Being written in the first-person narrative, Birdsong by Chimamanda Ngozi Adichie tells a confession-like story of a young independent female office worker in still largely patriarchal Lagos in Nigeria. The tale of her short affair with a married and rich businessman opens a small window into a complicated world of gender roles and expectations. The main heroines rebellious behavior and unwillingness to meet the traditional societys expectations becomes the driving force of the short story.
The story is structured as a flashback into the main heroines relationship with her lover which she experiences while waiting in the traffic jam and noticing an expensive-looking woman in the back seat of the car next to hers. The woman has the look of a person for whom things were done (Adichie) and for some reason the narrator decides she might be her lovers wife. While the narrator recollects the details of her affair with the married urbane man of forty-five who carefully slipped off his wedding-ring before he touched her, the reader finds out that the relationship was a big misalliance. Not only the lover does not care for his mistress, the whole relationship is just a fascinating game to indulge his vanity. Apparently, the narrator is not his first lover and he even boasts to her that two of his previous lovers were also feisty like her as if it reflected his good taste (Adichie). Being a deeply vain person, the lover does good things to different people with the sole purpose of being thanked and praised. He obviously expects his new mistress to admire and worship him like all the other women usually do. The things he seemingly does for her are nothing more than seeing himself in an exciting game. However, the narrator does not react as he expects her to. She does not answer his phone when her wants to let her listen to the music he enjoys at the concert with his wife; she does not cry with gratitude and delight when he buys a new car for her and she packs her belongings to leave and never come back to their love-nest. The conflict of expectations conditions the relationship to fail as the lovers have drastically different views on their partnership. What the girl wants is genuine love and trust while her lover still perceives the world with help of obsolete patriarchal categories in which a woman is something like an expensive but inferior commodity.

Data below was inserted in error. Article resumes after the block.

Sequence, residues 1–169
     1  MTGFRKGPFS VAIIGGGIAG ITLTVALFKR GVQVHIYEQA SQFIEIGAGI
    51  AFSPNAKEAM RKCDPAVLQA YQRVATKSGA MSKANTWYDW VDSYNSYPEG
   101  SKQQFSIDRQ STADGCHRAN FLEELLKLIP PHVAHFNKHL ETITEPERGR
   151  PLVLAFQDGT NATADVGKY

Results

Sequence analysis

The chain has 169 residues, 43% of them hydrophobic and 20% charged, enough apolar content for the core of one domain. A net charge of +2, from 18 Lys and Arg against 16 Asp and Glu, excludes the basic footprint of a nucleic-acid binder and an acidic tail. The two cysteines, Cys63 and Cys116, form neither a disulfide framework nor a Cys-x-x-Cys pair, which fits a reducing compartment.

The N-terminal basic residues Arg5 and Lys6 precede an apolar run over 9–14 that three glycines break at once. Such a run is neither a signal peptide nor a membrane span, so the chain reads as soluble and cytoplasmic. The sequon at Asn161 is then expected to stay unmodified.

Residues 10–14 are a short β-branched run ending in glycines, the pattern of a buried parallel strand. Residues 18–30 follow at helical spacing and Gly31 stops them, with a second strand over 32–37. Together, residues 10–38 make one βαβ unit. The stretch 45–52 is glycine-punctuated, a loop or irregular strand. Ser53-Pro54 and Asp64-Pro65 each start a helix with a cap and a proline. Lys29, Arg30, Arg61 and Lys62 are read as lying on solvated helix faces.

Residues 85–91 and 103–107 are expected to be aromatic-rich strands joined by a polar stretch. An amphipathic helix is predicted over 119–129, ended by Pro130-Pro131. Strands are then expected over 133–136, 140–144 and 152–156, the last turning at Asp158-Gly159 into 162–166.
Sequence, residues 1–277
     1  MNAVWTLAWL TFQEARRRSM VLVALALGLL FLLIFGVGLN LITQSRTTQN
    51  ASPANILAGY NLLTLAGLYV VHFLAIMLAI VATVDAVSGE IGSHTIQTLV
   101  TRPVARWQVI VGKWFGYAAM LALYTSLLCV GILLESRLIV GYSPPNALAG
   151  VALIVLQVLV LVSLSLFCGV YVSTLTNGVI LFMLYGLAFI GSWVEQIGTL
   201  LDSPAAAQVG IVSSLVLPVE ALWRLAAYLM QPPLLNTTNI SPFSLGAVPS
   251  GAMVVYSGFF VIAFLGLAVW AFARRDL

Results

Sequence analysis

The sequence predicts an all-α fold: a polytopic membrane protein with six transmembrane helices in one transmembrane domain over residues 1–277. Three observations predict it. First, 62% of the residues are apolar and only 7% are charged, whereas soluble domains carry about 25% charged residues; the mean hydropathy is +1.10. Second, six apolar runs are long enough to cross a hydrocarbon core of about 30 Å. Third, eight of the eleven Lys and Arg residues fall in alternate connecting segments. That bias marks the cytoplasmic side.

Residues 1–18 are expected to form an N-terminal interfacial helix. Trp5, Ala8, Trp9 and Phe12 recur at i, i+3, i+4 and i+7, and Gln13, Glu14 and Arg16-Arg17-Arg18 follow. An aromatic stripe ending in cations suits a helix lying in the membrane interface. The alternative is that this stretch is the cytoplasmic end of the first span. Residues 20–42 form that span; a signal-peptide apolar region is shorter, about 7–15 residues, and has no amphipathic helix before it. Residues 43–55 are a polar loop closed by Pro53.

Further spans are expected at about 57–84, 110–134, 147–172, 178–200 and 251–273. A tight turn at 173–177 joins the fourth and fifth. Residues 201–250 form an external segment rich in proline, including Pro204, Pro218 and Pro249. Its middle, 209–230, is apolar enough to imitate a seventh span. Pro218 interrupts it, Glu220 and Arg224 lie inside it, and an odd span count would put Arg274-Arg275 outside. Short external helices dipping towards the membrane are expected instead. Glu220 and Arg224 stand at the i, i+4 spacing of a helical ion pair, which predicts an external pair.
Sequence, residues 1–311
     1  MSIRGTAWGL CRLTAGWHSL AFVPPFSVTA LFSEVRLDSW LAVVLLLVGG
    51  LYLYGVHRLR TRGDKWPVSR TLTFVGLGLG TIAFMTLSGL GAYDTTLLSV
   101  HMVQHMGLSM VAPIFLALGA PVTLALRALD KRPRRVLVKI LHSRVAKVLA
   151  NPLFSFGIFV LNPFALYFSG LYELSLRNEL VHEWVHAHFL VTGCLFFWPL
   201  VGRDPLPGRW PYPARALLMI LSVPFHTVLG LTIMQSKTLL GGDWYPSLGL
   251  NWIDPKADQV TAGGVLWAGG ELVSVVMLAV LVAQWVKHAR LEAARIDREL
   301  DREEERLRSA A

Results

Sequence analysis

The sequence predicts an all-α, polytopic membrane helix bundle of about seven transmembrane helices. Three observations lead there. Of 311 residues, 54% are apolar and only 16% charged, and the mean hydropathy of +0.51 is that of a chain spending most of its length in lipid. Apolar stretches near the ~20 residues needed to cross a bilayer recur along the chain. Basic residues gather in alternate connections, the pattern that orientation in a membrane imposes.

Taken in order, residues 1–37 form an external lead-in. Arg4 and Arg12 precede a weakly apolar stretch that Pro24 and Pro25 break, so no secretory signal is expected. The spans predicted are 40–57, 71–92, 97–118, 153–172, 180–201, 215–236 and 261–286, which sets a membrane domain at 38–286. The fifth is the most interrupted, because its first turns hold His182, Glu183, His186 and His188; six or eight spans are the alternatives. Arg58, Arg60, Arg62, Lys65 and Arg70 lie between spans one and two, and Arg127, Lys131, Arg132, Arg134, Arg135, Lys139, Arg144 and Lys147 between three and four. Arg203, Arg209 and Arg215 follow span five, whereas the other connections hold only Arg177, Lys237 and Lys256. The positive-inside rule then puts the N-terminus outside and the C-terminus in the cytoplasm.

The narrators diversion from traditional gender roles is manifested in the other spheres of her life too. All the other women she is familiar with can think of nothing else but settling down (Adichie). None of those women would approve of her relationship with a married man as nobody is getting any younger and they keep traditional views that the primary aim of any relationship should be marriage. The narrator also protests against her male colleagues habit to have her or her only other female colleague Chikwado cutting the cake at office birthday parties. The male colleagues and the boss stare at the narrator in utter misunderstanding when she refuses to cut the cake. Another situation the narrator rebels against the traditional norms of conduct takes place in the restaurant where she confronts the waiter who would always greet her lover but not her. The narrator has obviously outgrown old discriminatory practices which, though officially forbidden, still prevail in most peoples minds.
Therefore, the short story Birdsong by Chimamanda Ngozi Adichie clearly bears a message that old traditional paradigms are not easy to overcome in reality. Although gender roles have undergone a significant shift, subtle discriminatory practices and gender expectations in the Nigerian society remain almost unchanged.
Adichie, Chimamanda N. Birdsong. The New Yorker.2010.Web. 15 March, 2016.
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